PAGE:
Contracts, subscriptions, bills and debts

Last updated: 13/2-2024

Read more here about contracts and subscriptions, about bills and debts and about what “betalningsanmärkningar” (records of non-payment of debts) are.


When you and someone else (another party) reach an agreement about something you enter into a contract. This contract is binding for both parties, which means that you both have to do what the contract says you have promised to do. For example, that one party has promised to deliver a good that the other party then promises to pay for.

When you buy something in a shop or book a ticket on the internet you are entering into a contract. You have to be 18 years old to enter into a contract on your own. There are many types of contracts with different rules depending on what the contract is about.

You can enter into contracts verbally as well as in writing. Some types of contracts have to be in writing in order to be binding, such as when you buy a house.

You are not obliged to pay for anything you have not ordered

In order for a contract to be valid, you have accept an offer or expressly order something. If a company claims you have ordered something, it also has to be able to prove that you have.

You are not obliged to pay for anything you have not ordered, but you always need to contact the company to contest its claim. Contesting its claim means protesting against its wrongful claim for payment from you.

Contest the claim in writing, e g via email, and keep a copy of your email or letter. Remember that you are not obliged to pay shipping costs either when returning something you did not order. If the company wants you to return the item or items, you can ask for a return shipment label.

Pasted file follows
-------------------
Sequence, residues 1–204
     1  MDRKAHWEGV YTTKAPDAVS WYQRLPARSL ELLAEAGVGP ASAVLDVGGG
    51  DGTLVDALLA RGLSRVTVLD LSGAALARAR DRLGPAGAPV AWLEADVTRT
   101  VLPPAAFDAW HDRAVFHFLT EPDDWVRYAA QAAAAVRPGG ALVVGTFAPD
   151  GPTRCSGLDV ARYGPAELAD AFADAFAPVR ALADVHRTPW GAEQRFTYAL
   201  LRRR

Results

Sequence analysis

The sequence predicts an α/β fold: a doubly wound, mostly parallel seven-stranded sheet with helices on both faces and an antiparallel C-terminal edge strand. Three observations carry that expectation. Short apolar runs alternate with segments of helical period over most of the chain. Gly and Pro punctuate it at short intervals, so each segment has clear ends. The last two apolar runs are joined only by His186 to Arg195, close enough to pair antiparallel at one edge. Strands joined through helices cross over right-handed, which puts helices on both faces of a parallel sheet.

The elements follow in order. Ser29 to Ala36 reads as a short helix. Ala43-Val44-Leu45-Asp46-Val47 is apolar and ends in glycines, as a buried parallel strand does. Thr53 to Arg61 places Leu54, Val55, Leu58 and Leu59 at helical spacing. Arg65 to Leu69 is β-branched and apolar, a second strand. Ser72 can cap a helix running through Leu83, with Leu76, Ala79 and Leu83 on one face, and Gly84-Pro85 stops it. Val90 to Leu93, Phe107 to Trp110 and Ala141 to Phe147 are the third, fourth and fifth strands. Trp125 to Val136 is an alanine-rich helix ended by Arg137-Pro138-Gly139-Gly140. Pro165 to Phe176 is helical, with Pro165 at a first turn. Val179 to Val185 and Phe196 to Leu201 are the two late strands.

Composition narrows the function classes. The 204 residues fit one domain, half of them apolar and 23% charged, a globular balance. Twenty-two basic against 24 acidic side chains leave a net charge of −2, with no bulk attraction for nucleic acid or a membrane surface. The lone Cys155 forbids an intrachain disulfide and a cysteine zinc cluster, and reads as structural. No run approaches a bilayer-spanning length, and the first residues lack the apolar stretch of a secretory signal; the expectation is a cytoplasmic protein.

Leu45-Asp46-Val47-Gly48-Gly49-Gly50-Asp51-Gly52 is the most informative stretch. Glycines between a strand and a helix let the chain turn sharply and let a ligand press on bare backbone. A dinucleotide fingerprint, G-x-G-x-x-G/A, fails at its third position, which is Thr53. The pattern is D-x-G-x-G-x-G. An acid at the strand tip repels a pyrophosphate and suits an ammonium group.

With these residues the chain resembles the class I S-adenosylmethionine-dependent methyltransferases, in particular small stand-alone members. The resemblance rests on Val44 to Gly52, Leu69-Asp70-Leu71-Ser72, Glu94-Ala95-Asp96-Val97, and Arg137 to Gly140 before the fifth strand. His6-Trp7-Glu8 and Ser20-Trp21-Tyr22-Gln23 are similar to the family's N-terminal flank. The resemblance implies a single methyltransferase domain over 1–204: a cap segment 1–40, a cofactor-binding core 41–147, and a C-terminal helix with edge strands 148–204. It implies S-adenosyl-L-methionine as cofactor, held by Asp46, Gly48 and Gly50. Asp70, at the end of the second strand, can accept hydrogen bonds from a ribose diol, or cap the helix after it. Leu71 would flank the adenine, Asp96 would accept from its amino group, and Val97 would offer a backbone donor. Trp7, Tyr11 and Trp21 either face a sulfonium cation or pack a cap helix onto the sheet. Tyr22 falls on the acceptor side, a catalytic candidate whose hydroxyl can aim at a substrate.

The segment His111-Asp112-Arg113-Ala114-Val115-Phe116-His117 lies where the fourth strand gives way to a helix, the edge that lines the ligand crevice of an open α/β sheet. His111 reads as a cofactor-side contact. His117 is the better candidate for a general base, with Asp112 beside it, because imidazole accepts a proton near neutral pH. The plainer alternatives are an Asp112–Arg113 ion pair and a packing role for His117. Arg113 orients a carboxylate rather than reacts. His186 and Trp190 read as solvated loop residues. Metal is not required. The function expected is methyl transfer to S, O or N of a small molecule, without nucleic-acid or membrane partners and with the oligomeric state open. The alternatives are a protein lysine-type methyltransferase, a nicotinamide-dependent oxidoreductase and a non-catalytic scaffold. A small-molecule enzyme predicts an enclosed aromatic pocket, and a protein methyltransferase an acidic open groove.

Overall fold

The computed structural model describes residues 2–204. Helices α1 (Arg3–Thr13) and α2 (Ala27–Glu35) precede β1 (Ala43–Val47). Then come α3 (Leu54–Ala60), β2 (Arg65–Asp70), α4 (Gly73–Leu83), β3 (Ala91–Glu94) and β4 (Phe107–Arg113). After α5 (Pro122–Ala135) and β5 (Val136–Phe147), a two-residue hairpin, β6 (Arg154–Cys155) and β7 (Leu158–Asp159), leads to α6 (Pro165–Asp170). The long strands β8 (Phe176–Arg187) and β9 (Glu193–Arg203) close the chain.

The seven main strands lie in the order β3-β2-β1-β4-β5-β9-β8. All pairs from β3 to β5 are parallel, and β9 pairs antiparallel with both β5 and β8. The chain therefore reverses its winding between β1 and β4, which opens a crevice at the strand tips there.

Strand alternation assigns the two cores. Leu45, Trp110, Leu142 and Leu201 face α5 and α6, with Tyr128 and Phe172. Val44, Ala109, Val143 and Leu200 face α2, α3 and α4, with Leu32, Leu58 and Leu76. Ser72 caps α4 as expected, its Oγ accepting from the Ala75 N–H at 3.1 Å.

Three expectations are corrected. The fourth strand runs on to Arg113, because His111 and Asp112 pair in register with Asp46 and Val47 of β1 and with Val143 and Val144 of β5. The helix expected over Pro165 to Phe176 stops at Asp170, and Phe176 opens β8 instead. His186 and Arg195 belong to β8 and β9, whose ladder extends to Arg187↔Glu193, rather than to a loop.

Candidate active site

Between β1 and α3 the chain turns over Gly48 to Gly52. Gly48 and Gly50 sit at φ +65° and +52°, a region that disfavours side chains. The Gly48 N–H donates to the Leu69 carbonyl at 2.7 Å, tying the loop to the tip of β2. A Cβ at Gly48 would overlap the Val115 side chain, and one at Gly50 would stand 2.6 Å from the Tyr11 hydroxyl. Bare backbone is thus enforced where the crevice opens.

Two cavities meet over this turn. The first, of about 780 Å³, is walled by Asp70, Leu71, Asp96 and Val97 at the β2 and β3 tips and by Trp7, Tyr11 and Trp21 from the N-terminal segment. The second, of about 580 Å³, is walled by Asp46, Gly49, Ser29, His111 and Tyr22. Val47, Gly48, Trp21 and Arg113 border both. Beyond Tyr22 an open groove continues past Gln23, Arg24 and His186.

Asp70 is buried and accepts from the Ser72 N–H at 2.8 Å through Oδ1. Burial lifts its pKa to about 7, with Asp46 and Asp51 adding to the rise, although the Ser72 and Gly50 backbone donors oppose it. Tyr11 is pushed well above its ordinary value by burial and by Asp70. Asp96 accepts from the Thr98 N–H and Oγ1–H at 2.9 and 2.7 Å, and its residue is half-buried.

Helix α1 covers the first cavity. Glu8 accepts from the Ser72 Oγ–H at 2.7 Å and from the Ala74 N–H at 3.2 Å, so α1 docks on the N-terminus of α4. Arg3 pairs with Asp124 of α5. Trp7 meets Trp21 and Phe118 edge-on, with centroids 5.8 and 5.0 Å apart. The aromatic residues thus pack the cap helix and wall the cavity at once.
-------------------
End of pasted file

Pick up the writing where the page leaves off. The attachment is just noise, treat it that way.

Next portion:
A subscription is a contract in which a supplier has promised to regularly deliver a good or service to a customer. A subscription can apply for a specified period of time or be open-ended. A supplier is a person or company that delivers a good or service.

Examples of subscriptions include contracts for the delivery of electricity, for using your mobile phone via a particular operator, and for watching pay-per-view TV via cable or satellite.

Usually it is the supplier who draws up the contract, and contracts are typically written in a way so that they can be used in several similar business situations. This means that you as the customer are usually unable to influence the content of the contract. You either accept the subscription contract as it is, or you choose another supplier.

Customers are often referred to as subscribers.

Subscription traps

A subscription trap is an attractive offer that often has a concealed subscription. On the internet, especially on social media, it is common that you get offers for cheap products that lead to expensive subscriptions. For example, you might get an offer to take part in a market survey and then be able to buy a phone for a very low price. Or you could be sent samples of health food where it looks like you are only paying for the shipping. Subscription traps also occur in telemarketing.

If it was not clear that the offer was linked to a subscription, you are not automatically obliged to pay.

  • As a rule you have the right to change your mind within 14 days if you have entered into a contract in distance sales with a company that is registered within the EU, Norway or Iceland.
  • You are not obliged to pay return shipping costs for a product that you have not ordered.
  • As long as you contest any wrongful claims by the company you do not need to worry about getting any record of non-payment.
  • Contest the claim in writing to the company, e g via email, and keep a copy of the email or letter.

Hallå konsument have made videos that explain what a subscription trap is. These videos are only available in Swedish.

You can get free advice if you think you have been caught in a subscription trap:


A bill is a document that shows how much something costs. Bills have information about how much you have to pay. For example, you might get a telephone bill or a bill from your child's preschool and recreation centre. You can also get bills for TV, electricity and heating. Bills are also known as invoices.